|Publication number||US7481644 B2|
|Application number||US 11/685,625|
|Publication date||Jan 27, 2009|
|Filing date||Mar 13, 2007|
|Priority date||Mar 14, 2006|
|Also published as||US20070218158, WO2007106848A2, WO2007106848A3|
|Publication number||11685625, 685625, US 7481644 B2, US 7481644B2, US-B2-7481644, US7481644 B2, US7481644B2|
|Original Assignee||R & D Tool & Engineering Co.|
|Export Citation||BiBTeX, EndNote, RefMan|
|Patent Citations (11), Referenced by (4), Classifications (7), Legal Events (5)|
|External Links: USPTO, USPTO Assignment, Espacenet|
This application is related to and claims the priority benefit of prior U.S. Provisional Application No. 60/782,187 filed Mar. 14, 2006, said Provisional Application being hereby incorporated by reference into the present specification
The present invention relates to the field of injection blow mold tooling and, in particular, to the way in which a hot runner manifold block is secured to the lower die set at the injection station of an injection blow mold machine.
Hot runner manifold blocks are used to deliver molten plastic material from the injection unit to multiple parison cavities at the injection station. The manifold block typically comes in a variety of designs and styles, but an important goal of each style is to achieve balanced flow of the molten material evenly to all of the parison cavities. Achieving balanced flow is critical to the stability of the bottle-making process and the uniform dimensional and distribution attributes of the bottles produced on the machine.
It is known in the art to attach the manifold block to a large base plate which is then bolted to the lower die set. However, as the base plate directly contacts the hot manifold block and the lower die set, the base plate acts as a heat sink or area of loss through its contact areas with the manifold block. Such heat loss is a direct drain of manifold block heat in the contacted areas and can adversely affect the distribution of molten material to the parison cavities even in the best of manifold block designs.
In accordance with current practice, manifold blocks and their base plates come in many different sizes. While each manifold block and base plate can be designed such that their points of mutual contact optimize thermal characteristics within the space available at the injection station, this is an expensive, time-consuming undertaking. Moreover, material cost is a consideration due to the relatively large size of current base plates.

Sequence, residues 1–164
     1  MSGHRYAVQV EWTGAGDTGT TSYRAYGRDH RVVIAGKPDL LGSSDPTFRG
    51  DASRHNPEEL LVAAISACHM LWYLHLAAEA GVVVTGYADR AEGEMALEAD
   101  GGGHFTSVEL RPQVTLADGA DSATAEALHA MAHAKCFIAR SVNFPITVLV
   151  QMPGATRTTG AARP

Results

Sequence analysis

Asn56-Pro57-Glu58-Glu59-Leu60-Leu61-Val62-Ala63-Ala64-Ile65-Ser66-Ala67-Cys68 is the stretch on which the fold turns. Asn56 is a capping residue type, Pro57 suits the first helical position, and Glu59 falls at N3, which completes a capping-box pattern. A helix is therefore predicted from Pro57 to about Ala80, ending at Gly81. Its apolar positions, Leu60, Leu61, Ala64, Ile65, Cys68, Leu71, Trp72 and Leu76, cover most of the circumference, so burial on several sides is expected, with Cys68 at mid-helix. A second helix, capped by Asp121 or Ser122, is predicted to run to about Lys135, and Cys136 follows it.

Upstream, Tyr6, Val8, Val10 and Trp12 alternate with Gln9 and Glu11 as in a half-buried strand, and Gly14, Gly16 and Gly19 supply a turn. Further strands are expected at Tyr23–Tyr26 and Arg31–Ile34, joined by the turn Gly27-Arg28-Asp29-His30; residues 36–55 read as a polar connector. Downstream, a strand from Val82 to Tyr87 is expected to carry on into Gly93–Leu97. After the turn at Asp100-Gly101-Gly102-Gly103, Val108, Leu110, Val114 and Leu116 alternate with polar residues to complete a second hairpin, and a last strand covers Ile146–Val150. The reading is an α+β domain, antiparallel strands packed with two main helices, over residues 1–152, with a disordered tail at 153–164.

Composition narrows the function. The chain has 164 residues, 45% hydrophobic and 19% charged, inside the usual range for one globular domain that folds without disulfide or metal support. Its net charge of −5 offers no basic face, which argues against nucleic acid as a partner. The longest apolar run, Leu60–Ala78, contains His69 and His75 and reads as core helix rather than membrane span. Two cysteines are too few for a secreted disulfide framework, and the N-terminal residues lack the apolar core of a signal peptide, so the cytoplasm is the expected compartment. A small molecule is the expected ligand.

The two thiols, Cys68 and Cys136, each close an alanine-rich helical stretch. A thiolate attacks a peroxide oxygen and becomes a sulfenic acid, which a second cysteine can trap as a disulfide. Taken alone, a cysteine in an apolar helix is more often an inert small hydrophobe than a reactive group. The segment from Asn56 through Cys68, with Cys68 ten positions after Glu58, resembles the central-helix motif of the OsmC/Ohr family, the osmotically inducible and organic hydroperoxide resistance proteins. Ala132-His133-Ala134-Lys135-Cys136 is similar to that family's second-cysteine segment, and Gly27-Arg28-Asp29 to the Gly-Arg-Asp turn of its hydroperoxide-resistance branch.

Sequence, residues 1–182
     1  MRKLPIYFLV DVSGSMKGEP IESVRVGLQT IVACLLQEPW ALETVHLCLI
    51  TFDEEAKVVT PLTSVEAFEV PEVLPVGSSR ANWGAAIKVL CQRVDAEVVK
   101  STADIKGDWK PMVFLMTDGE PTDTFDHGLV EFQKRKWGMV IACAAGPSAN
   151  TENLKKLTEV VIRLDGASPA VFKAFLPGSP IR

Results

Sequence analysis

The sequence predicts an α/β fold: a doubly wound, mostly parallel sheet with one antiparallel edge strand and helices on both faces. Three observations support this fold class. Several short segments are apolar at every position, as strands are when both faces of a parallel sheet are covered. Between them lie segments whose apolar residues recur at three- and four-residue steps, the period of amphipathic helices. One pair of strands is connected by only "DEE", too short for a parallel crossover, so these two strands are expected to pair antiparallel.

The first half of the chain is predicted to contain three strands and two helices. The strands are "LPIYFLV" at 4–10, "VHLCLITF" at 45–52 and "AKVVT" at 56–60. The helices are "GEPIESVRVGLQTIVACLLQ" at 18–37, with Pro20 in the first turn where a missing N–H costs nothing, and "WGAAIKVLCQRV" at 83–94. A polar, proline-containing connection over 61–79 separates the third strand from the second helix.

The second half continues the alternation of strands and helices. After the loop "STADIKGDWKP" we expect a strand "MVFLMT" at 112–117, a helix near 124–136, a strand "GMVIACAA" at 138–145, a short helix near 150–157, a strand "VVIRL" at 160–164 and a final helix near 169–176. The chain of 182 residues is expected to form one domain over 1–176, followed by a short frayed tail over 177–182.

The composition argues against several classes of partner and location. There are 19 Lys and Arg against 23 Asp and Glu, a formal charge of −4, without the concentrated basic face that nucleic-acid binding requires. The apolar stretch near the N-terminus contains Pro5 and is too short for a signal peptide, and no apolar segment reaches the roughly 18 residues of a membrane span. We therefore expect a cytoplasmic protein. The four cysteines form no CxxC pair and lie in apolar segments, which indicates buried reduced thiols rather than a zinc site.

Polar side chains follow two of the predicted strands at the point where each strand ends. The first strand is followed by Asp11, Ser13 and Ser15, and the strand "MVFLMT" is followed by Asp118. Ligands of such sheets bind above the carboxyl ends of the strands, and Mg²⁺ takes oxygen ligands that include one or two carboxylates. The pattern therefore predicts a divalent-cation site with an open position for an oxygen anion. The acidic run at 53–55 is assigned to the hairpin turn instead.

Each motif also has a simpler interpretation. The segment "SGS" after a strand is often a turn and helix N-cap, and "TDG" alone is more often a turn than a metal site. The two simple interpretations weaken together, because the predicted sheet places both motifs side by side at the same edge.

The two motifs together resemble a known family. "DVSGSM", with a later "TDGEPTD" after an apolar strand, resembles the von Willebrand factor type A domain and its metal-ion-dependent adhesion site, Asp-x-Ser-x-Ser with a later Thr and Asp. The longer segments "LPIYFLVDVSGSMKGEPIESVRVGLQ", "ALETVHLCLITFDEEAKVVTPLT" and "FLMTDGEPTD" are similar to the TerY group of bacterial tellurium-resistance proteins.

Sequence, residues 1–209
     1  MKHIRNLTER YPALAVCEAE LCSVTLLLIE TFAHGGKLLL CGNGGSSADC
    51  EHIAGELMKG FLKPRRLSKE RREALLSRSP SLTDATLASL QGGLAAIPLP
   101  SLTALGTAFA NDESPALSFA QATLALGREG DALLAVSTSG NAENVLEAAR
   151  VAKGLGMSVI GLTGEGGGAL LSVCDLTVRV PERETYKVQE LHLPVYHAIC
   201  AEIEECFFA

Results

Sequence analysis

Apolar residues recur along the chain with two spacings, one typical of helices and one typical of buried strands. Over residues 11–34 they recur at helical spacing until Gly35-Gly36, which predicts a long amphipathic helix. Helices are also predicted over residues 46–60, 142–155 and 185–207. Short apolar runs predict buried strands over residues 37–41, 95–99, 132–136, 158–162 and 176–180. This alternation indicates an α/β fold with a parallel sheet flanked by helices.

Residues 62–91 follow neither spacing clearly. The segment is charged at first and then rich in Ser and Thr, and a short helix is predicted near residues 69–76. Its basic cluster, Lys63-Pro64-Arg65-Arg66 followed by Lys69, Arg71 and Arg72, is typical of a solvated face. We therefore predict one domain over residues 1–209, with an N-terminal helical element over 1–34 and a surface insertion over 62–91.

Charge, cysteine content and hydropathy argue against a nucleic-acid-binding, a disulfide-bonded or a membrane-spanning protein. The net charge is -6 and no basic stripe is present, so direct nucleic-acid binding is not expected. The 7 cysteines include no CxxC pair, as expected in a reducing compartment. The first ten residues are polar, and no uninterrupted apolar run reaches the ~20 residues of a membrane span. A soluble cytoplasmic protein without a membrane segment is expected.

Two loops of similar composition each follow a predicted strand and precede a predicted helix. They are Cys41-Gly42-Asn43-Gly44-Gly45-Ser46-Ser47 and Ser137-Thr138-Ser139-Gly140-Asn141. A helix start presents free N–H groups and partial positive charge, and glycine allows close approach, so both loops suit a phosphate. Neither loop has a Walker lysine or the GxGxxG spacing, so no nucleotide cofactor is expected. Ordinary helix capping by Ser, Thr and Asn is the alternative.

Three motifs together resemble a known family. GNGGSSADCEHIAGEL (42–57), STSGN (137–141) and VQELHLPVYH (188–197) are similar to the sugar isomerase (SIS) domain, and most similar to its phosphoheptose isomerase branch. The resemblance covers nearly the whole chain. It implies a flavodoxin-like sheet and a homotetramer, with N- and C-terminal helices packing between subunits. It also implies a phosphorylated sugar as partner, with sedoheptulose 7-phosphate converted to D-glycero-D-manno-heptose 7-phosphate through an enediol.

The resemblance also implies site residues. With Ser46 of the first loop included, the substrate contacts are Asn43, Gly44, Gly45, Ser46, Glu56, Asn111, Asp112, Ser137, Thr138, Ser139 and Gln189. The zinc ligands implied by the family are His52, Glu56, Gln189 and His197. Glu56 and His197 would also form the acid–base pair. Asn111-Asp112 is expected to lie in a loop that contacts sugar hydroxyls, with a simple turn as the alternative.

The intent of the present invention is to eliminate the base plate and replace it with a set of relatively small mounting brackets made of a low thermally conductive material to minimize heat loss from the manifold block. The design, shape and dimensions of the brackets can be standardized to serve manifold blocks of a standard width but various lengths in accordance with variations in the number of parison cavities involved.
The present invention is susceptible of embodiment in many different forms. While the drawings illustrate and the specification describes certain preferred embodiments of the invention, it is to be understood that such disclosure is by way of example only. There is no intent to limit the principles of the present invention to the particular disclosed embodiments.
Manifold block 18 comprises an elongated, rectangular body having a centrally disposed inlet 22 in its backside for receiving hot, molten plastic material under pressure from the source coupled in flow communication with inlet 22. From the single inlet 22, a number of internal passageways or “hot runners” receive the molten material and distribute it to outlets or nozzles 24 on the front side of manifold block 18 corresponding in number to the molds 14. Nozzles 24 then inject the molten plastic into the parison cavities presented by molds 14 during each injection cycle. In order to keep the internal passageways properly heated, manifold block 18 is provided with a number of internal heating elements 26 (
The set of bracket assemblies 20 preferably includes two different types, namely a centrally disposed guide bracket assembly 44 and at least a pair, and preferably two pairs, of outboard hold-down bracket assemblies 46 on opposite sides of central guide bracket assembly 44. With particular reference to
Top side 48 of guide bracket 44 a has a pair of uppermost end surfaces 58 and 60 that do not contact the bottom of manifold block 18 when guide bracket 44 a is attached thereto as hereinafter explained in more detail. At a slightly lower level than uppermost end surfaces 58 and 60 are a pair of manifold-contacting or load-supporting surfaces 62 and 64, the surface 62 being in the nature of a rectangular pad while the surface 64 is in the nature of a shelf 64. Both pad 62 and shelf 64 are located at the same height. Shelf 64 is located immediately adjacent uppermost end surface 60, while pad 62 is located intermediate opposite ends 52, 54 but closer to rear end 54 than front end 52. A pair of recessed top surfaces 66 and 68 are disposed on opposite sides of pad 62, the recessed surface 66 being located between pad 62 and rear end 54 while the recessed surface 68 is located between pad 62 and shelf 64. A pair of opposed, upright, inwardly facing abutments 69 and 71 are disposed adjacent shelf 64 and recessed surface 66, respectively. The distance between abutments 69 and 71 matches the transverse dimension of the manifold block 18 along bottom face 32 between front face 36 and upright shoulder 42 of notch 40. Thus, when guide bracket 44 a is installed up against the bottom of manifold block 18, manifold block 18 nests within and is confined in a transverse sense by the abutments 69 and 71. An upstanding locating dowel pin 70 rises from pad 62 for reception within a mating bore 72 in the bottom face 32 of manifold block 18 (